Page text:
Transcript - Growing up on a farm, you work from sun up to sun down. And the only way to get everything done is by working together.
I'm State Senator Julie Lassa.
It's a lesson I've tried to pass on to my own kids. And to my colleagues in the State Senate.
It hasn't always been easy, but it's never been more important.
I've worked with Republicans and Democrats to crack down on Internet child predators.
Helped to create tax credits for businesses that hire unemployed veterans.
And even stood up to big insurance companies that try to deny coverage to our kids.
And to help grow Wisconsin's economy, I'm proposing a new law that gives local companies first crack at state contracts.
So we can create jobs here not in India or China.
Working together to get things done; my parents showed us it works on the farm.
And with your help, we'll prove it can work in Madison too.
I'm Julie Lassa, I'm running for the 24th Senate District and I'm asking for your vote on November 6th.
Biography - Julie grew up on her parents' dairy farm in northern Portage County in central Wisconsin. She attended Stevens Point Area Senior High, graduated from the University of Wisconsin-Stevens Point and performed graduate work at the La Follette Institute of Public Affairs at UW-Madison.
Julie was appointed to the Town of Dewey Board as a Supervisor in 1993, was elected to the State Assembly in 1998 and subsequently won a special election to the State Senate in 2003. At 40 years old, Julie has built an impressive record working for middle class families and standing up to special interests. In the legislature she has focused on enhancing private-sector job creation and promoting small business, making government more accountable to taxpayers, and protecting children.
Julie has a well-earned reputation for staying in close touch with the people of her district and working across party lines to find common sense solutions. Even before her service in the state legislature, Julie understood the important role that small businesses play in Wisconsin's economy. After graduating from the University of Wisconsin-Stevens Point she worked as Executive Director of the Plover Area Business Association. In that role she worked closely with local small business owners to promote business growth in the region. That's why Julie has been a champion for Wisconsin small businesses in the legislature. She is also a member of the Heart of Wisconsin Business & Economic Alliance, Portage County Business Council and Marshfield Area Chamber of Commerce and Industry.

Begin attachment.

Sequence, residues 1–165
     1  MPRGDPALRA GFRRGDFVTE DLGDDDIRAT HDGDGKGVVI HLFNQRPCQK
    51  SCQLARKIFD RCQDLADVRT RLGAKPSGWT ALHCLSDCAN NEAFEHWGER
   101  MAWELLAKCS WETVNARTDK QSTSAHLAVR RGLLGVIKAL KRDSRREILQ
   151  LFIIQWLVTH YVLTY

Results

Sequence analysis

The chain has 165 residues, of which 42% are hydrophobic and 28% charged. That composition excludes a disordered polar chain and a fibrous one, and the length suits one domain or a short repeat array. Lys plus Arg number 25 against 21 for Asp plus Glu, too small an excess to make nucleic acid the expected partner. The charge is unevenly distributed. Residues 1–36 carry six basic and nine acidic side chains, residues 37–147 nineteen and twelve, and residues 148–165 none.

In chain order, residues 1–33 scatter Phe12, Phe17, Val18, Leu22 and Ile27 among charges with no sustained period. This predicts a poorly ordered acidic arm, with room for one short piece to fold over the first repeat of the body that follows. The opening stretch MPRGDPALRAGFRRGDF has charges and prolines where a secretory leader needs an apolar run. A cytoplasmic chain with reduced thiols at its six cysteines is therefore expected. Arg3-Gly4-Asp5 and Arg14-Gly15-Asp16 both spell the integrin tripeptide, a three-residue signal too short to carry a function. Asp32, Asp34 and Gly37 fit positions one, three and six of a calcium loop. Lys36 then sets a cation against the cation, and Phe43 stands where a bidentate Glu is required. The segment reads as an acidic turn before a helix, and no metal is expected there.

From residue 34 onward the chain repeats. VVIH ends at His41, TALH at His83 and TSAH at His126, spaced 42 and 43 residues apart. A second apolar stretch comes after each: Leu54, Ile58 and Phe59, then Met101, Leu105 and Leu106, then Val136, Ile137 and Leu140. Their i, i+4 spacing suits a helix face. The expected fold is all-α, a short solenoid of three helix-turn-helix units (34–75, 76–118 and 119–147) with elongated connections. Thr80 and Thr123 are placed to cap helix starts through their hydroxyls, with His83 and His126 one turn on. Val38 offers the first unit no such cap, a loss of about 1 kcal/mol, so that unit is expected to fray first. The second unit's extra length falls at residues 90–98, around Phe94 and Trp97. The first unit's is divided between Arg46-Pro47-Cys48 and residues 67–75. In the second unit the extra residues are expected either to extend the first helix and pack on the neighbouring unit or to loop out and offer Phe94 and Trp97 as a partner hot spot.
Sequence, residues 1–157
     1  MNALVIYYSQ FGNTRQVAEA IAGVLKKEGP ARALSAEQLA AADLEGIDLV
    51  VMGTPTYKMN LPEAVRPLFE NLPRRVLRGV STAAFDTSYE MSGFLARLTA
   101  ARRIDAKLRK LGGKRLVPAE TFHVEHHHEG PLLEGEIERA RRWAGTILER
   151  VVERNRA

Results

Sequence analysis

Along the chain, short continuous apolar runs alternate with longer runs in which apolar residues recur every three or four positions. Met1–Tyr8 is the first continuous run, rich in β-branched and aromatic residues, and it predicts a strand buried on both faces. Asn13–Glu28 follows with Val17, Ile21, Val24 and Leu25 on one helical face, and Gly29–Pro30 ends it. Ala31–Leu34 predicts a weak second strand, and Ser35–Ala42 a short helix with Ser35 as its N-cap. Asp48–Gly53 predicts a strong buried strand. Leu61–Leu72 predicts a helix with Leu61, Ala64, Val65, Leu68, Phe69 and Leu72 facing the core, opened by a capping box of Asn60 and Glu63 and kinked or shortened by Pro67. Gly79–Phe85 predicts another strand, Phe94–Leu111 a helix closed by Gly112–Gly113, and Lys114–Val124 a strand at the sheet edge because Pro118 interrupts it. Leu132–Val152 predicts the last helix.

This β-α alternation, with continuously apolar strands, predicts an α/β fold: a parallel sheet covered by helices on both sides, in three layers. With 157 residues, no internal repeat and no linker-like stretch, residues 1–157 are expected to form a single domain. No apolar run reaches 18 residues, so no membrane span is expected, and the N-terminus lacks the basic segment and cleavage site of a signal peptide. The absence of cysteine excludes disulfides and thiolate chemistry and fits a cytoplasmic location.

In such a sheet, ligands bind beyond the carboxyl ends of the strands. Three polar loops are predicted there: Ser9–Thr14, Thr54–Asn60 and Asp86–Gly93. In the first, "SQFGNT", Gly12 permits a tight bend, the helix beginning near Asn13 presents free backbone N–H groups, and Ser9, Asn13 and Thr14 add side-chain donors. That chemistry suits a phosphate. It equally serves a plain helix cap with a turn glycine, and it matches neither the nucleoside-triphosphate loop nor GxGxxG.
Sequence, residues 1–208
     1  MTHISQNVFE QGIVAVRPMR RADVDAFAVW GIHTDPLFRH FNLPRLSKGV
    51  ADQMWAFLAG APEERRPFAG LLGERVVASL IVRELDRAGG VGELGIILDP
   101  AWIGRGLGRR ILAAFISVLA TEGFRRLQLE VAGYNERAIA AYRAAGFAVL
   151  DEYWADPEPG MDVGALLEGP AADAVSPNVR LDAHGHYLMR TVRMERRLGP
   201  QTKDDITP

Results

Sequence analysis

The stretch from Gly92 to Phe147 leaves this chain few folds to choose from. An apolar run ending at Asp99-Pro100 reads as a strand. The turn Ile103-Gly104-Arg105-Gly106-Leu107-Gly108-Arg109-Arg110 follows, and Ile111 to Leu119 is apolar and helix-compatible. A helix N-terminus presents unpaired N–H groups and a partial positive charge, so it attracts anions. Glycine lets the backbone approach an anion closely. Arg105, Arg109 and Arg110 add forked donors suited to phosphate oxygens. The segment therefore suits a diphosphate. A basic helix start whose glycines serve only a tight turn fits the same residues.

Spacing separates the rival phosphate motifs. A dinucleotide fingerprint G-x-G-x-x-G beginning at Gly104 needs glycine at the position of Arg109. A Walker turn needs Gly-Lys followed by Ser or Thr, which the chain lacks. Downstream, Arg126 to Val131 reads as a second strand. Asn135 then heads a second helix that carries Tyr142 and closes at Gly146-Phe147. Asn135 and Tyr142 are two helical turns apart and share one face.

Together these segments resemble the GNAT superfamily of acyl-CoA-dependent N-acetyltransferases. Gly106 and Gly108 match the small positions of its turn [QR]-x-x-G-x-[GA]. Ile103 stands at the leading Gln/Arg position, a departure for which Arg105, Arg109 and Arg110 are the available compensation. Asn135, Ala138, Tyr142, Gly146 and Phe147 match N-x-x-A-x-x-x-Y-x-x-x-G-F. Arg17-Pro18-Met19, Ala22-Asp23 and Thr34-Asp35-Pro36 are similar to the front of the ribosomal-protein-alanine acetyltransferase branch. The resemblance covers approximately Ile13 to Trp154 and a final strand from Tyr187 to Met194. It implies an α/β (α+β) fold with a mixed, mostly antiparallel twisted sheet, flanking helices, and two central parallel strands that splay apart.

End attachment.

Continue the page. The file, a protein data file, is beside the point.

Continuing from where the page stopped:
As the Chair of the Senate Economic Development committee in the 2009-2010 session, Julie wrote the Wisconsin C.O.R.E. Jobs Act – an omnibus job creation package that was signed into law to help put Wisconsin back on the road to economic recovery. C.O.R.E., which stands for Connecting Opportunity, Research and Entrepreneurship, contains nearly twenty provisions that will help retain and grow existing businesses and assist entrepreneurs to build new small businesses to create good paying jobs right here in Wisconsin. She also authored the law which created the Green to Gold Fund to help small and mid-sized businesses improve their energy efficiency and create new products and services to meet the growing demand for green energy technologies. Recognizing the importance of agriculture to Wisconsin and the need to provide consumers and school children with healthy fresh foods, Julie authored the laws that created the Buy Local, Buy Wisconsin and Farm to School programs.
Julie has been an advocate for fiscal reform in government, having written the law to create the Fraud, Waste and Mismanagement Hotline to identify and eliminate wasteful spending. She has authored legislation to require greater transparency and accountability in government through regular performance and management audits of government agencies and reform of the state's contracting practices through the Truth in State Contracting Act. She also wrote a proposal to close the revolving door between former government officials and special interests.
Julie has been recognized for her work on promoting the safety and health of children, having written new laws to help identify and correct hearing impairments in children. She wrote the BPA-Free Kids Act that bans this toxic chemical from baby bottles and sippy cups sold in Wisconsin. She has also worked to protect children from abuse and neglect, including strengthening penalties for child sex predators.
Julie and her family live in Stevens Point.
She is married to John Moe and together they have three daughters.
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